That’s great, but how? How do we re-imagine feminism in a way that will allow for this dramatic change to occur, and will aid in halting the progression that typical feminism is currently on? Well, we’ve drafted a new definition of what a critical feminist is.

         What we believe .

A Critical Feminist:

1. Recognizes the limitations of gender as a social construct.

2. Is critical of the various waves of feminism.

3. Embraces traits that are attributed to folks who identify with marginalized genders.

A critical feminist does not believe women should be “more like men”, ( Sheryl Sandberg – no thanks), rather they believe that ALL people should have equal rights, equal opportunities, and equal power. A critical feminist does not believe that people are limited by their gender identity and critiques the limits set by societal norms around gender expression. A critical feminist believes that a person does not have to identify as a feminist to be doing feminist work…but it helps!

So, let’s get down to the flipping! Critical Feminist Leadership is rooted in critical queer, race, and feminist theories and prioritizes the following key principles:

1. Authentic relationships, bringing our whole person to work every day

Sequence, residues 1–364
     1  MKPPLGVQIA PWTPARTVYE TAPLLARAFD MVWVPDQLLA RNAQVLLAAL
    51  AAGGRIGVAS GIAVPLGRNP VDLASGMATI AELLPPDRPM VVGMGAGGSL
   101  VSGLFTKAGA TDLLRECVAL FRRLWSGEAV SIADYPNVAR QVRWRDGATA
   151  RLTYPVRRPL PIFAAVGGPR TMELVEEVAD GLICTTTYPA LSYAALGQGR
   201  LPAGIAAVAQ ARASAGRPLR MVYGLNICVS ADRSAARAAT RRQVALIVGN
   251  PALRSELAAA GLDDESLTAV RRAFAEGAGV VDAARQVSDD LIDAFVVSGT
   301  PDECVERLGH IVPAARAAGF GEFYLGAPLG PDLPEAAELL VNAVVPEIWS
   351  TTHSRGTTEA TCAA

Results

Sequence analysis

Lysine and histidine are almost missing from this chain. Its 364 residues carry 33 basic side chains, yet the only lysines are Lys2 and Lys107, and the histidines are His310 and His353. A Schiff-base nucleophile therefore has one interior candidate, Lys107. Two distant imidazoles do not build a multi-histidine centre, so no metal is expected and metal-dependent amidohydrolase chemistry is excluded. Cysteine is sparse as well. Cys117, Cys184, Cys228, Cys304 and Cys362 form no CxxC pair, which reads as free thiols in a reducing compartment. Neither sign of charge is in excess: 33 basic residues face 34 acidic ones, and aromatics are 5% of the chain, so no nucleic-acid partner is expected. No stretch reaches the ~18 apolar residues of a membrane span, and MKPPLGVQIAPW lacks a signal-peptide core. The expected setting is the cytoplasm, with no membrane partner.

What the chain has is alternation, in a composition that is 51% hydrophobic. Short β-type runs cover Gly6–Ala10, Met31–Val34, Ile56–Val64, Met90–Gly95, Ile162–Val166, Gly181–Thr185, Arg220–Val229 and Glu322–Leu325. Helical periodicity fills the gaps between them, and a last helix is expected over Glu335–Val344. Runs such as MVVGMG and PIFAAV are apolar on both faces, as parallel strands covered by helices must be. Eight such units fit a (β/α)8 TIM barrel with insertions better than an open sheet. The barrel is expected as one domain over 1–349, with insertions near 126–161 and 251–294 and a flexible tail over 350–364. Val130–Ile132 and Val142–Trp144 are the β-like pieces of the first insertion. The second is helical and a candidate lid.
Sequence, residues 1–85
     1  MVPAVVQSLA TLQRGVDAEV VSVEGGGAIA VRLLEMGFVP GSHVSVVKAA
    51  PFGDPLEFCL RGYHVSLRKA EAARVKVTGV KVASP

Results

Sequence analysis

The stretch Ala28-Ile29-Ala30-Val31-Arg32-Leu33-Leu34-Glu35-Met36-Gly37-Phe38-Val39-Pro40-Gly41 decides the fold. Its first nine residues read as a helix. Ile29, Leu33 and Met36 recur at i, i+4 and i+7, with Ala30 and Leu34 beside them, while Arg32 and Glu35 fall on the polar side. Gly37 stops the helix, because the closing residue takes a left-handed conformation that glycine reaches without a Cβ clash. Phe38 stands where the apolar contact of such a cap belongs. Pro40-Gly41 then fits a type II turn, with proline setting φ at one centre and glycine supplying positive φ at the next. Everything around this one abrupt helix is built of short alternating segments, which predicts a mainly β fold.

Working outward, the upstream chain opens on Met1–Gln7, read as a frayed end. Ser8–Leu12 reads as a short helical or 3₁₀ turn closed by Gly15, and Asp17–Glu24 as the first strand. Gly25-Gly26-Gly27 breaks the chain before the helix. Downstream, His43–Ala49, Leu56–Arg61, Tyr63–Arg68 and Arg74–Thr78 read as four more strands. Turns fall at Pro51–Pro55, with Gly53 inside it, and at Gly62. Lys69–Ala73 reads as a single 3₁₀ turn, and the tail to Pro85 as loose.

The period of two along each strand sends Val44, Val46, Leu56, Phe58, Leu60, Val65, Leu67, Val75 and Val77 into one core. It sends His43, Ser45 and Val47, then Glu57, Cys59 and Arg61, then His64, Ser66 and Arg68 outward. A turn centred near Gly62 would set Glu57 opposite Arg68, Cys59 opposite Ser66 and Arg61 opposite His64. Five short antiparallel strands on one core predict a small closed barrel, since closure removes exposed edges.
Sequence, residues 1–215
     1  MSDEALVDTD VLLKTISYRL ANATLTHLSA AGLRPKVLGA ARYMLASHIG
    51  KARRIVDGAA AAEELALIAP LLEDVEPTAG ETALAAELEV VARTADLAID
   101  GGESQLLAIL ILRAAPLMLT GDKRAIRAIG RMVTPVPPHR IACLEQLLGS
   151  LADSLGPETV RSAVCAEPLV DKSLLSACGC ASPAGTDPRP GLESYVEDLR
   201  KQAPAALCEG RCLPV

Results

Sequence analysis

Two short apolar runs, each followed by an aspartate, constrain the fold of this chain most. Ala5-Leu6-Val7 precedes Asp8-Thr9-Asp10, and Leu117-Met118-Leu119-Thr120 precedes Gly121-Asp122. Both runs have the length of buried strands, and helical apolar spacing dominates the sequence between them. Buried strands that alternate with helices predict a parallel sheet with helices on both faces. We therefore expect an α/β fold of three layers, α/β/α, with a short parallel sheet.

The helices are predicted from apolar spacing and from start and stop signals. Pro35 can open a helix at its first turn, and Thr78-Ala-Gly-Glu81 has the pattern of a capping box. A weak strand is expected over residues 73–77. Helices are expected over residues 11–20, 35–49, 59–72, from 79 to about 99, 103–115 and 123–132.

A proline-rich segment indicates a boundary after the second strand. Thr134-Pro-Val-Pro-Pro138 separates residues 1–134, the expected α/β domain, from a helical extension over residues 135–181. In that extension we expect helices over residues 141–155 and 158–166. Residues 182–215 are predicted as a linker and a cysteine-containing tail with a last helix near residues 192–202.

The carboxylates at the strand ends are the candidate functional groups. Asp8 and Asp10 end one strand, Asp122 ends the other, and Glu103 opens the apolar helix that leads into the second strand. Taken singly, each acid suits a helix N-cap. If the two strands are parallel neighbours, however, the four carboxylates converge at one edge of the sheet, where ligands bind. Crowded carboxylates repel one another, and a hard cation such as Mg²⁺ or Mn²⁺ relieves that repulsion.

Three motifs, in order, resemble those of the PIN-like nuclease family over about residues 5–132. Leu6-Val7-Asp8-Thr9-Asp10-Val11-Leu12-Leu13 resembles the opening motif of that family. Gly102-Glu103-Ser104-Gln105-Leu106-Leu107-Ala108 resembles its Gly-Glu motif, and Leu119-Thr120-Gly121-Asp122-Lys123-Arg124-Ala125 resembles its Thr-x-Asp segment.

2. Inclusion: Awareness of, and seeking opportunities for, inclusion—going beyond advocacy for underrepresented and marginalized communities to actively engaging them

3. Removing barriers to build coalition—creating community in every moment and in every possible way. Building communities in partnership with others, not in isolation, where students, teachers, administrators have equal voice in the process of education

4. Disrupting oppressive systems of education that give preferential treatment to the wealthy, white, middle to upper-class members of our society. This includes actively devaluing and contesting hegemonic leadership rooted in white supremacy.  

A Critical Feminist cannot come to the table with anything, they must FLIP the table to get their point across. We invite you to join our cause, and look forward to working with you to disrupt, dismantle, and rebuild feminism.We are doing this following the principles of Emergent Strategy by adrienne maree brown (pp. 222-223):